Archives for posts with tag: the casual vacancy

I like to consider myself a fair critic, fundamentally. Some may view me as being overly positive, and too lenient when it comes to ignoring a work’s faults. They may be right to an extent, but I like to think that at least in the last post, I was attempting to be kind to writers I felt had tried their best to create a worthy adaptation.

However, having viewed this second part, I’m going to apologize for giving this production the benefit of the doubt – This is awful beyond any redemption. It shows no respect for the work of literature it is trying to adapt and it is clear now that none of the changes are an attempt to make their vision of the work more cohesive or even to improve on the original story but simply an attempt to buck the established story and show they are willing to do something new, with no thought to the end product that is created or what the purpose of the original story was and how it conveyed that meaning.

Just as the first one did, this has a nice opening, easing our way back into Pagford, through an atmosphere of pure peacefulness and controlled civility surrounding the funeral of Barry Fairbrother. Obviously, this is in direct contrast to the farcical tone that whole section had in the book, and the “Umbrella” song is excluded.

That already is a red flag, since it signified the deep connection between Krystal and Barry, and how music can have a profound effect on people even if other people can’t understand or appreciate it. In these ways, it had an important role in the story, but it seems that Sarah Phelps may have only seen it as a method for the youth to affront the established authority and break the controlled, civilized atmosphere of Pagford. She may even have felt it was too blatant at this point in the story. In any case, the mood is disrupted (apart from the tension of Krystal and Robbie arriving in the church) again when Fats comes up to Andrew in the cemetery and whispers: “Samantha Mollison’s got the most amazing arse. Have you ever noticed that?…Got a massive boner in the church. What? It’s a ruddy nice phenomenon… Sex and death. Grief gives you the raging horn, both men and female, even Mary. You put the touch in her right now, you could do whatever you wanted. I mean, she’d probably be crying, but still you could do what you wanted.”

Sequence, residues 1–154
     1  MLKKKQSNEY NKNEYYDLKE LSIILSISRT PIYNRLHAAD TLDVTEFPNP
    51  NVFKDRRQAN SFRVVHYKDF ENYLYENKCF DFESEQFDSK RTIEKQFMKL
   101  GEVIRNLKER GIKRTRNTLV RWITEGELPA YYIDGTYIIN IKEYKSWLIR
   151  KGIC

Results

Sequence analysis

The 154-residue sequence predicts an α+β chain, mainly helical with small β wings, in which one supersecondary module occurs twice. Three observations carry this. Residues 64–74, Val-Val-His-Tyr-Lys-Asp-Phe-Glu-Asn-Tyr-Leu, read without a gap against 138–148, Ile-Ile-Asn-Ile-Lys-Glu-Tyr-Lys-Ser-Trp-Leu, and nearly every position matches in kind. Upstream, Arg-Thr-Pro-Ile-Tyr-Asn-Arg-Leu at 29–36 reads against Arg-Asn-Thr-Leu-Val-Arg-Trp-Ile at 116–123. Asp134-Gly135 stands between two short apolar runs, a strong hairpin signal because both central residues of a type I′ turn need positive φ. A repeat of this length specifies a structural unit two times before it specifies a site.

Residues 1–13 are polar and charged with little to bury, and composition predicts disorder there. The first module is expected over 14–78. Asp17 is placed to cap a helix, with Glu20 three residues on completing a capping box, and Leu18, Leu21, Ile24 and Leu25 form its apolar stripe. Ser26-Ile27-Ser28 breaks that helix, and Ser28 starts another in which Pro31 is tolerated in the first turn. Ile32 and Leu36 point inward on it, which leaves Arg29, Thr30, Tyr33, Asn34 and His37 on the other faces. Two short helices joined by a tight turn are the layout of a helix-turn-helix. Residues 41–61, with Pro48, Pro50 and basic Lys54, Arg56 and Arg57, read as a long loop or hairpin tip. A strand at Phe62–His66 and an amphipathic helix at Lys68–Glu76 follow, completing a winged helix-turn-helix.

So… what new facts have we actually learned about Fats from all that to make him interesting? He’s a sex-obsessed, arrogant idiot teenager who believes he is smarter than he has while showing no respect for polite society.

Fascinating. At least the book did this in funnier ways, simpler, too, with bits like Fats deliberately angering the woman on the bus, that get the idea of who he is across quickly and in a semi-creative way. The one consolation I do have is that this second part does focus largely on the teenagers, who were at the heart of the story.

We do also get an effective contrast with Andrew’s un-amused reaction to Fats, simply responding “She’s my auntie” to show that even he is offended by Fats’ behavior, which is of course the first sign that their friendship is not to last.